Margaret Rorison ’12 is the single constant to an otherwise unfixed and spasmodic contemporary film scene in Baltimore City. Since 2011, the Baltimore native has curated experimental cinema for the city's enjoyment and filmic edification via partnerships, hard-earned artist grants, and - perhaps most importantly - a little help from her friends.
What started as elaborate film screenings hosted out of Rorison's living room, has turned into one of the city's longest-running and most prolific avant-garde film series, known as Sight Unseen. The series focuses on experimental, image-based work that explore innovative ways of working with image, sound and narrative.
Five years into programming, the previously-nomadic monthly cinema event moved to a permanent home in June 2017, the restored Parkway Theater, home of the Maryland Film Festival, and a partner in MICA's Filmmaking M.F.A. program.
"Baltimore has always been a creative city for me. It has an expansive DIY community that came out of having a lot of underground spaces where one could experiment and explore," Rorison said.
Rorison, a poetic and expressive filmmaker herself, found her creative home in artist communities like the Red Room Collective, a volunteer-run space in Baltimore, where she occasionally orchestrated experimental music and film shows. These eclectic and inventive communities scratched the artistic itch for her at first, but eventually, she wanted to connect with people who were interested in focusing on having a dedicated film series in Baltimore.
In 2012, she wrote a proposal for Sight Unseen with the help of two other newfound filmmaking friends. The trio submitted it to MICA's graduate awards program, Launch Artists in Baltimore (LAB), and won a $10,000 grant to launch the contemporary film screening series. Since then, Rorison has led fundraising efforts each year to keep the reels rolling under the Sight Unseen name.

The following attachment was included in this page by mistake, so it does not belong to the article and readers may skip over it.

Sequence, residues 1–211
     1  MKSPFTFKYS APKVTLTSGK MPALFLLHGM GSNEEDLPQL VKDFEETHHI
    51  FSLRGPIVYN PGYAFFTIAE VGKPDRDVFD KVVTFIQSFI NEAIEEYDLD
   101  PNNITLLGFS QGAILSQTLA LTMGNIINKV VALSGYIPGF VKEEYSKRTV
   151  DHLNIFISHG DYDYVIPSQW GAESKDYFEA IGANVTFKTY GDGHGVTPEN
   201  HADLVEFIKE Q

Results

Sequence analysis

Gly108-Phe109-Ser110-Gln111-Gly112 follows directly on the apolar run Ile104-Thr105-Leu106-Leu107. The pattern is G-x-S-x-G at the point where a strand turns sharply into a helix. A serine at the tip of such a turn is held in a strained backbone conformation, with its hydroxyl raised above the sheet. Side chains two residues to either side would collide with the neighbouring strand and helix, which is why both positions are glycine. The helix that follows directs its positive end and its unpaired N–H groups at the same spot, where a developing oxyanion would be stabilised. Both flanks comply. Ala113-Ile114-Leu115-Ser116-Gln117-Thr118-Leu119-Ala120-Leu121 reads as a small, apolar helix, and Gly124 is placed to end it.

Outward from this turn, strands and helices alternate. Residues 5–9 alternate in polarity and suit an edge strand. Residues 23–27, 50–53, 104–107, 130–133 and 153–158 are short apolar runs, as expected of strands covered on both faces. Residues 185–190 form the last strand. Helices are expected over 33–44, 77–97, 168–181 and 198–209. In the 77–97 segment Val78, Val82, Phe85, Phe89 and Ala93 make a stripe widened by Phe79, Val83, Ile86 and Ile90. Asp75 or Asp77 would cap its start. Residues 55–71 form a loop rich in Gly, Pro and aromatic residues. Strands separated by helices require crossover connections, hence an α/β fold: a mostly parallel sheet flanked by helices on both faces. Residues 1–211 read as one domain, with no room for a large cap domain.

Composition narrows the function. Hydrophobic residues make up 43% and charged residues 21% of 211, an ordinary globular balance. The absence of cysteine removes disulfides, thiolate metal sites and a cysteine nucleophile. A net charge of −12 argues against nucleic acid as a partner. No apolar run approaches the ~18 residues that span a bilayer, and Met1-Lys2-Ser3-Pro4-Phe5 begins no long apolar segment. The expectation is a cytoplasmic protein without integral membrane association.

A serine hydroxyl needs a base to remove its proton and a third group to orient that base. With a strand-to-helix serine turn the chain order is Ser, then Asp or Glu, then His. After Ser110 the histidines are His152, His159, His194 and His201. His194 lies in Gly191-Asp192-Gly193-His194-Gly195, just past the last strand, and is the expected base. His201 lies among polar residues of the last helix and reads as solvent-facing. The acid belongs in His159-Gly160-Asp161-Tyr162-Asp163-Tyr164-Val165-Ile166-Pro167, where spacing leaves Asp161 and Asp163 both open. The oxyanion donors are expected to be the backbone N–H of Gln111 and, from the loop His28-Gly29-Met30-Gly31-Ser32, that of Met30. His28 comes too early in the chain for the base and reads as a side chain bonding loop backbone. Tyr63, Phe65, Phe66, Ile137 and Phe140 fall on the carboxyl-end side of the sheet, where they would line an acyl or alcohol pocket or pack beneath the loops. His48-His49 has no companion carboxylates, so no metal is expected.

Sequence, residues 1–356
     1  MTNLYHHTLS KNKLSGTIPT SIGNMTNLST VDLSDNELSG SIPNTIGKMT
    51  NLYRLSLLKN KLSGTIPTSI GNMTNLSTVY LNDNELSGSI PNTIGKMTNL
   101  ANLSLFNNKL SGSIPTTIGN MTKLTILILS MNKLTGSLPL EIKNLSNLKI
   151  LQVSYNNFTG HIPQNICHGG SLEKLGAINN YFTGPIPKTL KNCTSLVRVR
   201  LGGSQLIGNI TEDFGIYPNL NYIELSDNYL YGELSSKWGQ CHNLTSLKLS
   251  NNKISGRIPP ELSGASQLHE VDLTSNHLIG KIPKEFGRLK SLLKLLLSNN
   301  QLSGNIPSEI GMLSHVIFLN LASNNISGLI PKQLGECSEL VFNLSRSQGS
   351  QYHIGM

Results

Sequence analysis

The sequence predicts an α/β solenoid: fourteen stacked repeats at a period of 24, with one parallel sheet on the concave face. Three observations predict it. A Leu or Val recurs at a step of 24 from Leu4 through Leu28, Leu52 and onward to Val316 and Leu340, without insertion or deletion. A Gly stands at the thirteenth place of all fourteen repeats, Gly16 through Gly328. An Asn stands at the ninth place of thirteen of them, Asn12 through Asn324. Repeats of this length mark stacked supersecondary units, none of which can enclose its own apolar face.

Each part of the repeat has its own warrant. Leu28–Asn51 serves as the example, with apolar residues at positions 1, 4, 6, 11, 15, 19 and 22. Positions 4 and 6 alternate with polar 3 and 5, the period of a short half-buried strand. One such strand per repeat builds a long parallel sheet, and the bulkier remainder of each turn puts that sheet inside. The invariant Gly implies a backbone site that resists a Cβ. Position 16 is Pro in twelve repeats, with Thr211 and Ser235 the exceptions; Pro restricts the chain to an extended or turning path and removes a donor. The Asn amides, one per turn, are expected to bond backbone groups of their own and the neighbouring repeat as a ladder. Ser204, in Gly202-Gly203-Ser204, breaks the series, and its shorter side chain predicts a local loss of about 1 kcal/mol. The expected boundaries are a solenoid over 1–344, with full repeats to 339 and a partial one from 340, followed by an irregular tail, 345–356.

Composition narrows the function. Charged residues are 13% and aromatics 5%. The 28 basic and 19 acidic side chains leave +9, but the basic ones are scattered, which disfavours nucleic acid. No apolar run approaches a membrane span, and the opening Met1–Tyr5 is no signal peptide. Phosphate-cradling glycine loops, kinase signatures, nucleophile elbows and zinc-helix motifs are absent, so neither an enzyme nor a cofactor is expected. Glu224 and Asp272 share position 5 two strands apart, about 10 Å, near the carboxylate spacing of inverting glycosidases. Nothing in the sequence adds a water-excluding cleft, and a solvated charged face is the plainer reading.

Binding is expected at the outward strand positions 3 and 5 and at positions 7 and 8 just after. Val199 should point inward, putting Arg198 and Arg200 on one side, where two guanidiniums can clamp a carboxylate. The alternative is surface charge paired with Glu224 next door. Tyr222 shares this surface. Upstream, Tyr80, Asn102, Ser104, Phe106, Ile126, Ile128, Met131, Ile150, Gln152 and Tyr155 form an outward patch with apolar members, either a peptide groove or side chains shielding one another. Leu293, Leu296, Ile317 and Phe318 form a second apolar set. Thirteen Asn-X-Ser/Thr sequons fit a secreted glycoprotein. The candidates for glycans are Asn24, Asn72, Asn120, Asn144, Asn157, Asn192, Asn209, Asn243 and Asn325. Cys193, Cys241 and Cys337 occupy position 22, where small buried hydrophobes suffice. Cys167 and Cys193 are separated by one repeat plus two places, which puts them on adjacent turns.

With funding in hand, and Rorison at the helm, Sight Unseen has elevated Baltimore's film culture, introducing a diverse range of Baltimore communities to alternative modes of the cinematic media, while welcoming recognized pioneers and emerging innovators to events that showcase contemporary and historical time-based art.
"When I moved back to Baltimore in 2009, I noticed that it was a city that had a large presentation of experimental music and performance, but I felt that there was a gap in experimental film programming at the time. I wanted to bring filmmakers to Baltimore, to share new works with the community or artists and experimenters, that would also benefit local teachers and students of film, and expand their exposure to this kind of cinema."
Starting in 2018, she will be teaching an undergraduate course, an intro to 16mm filmmaking class at MICA, which happens to be her medium of choice.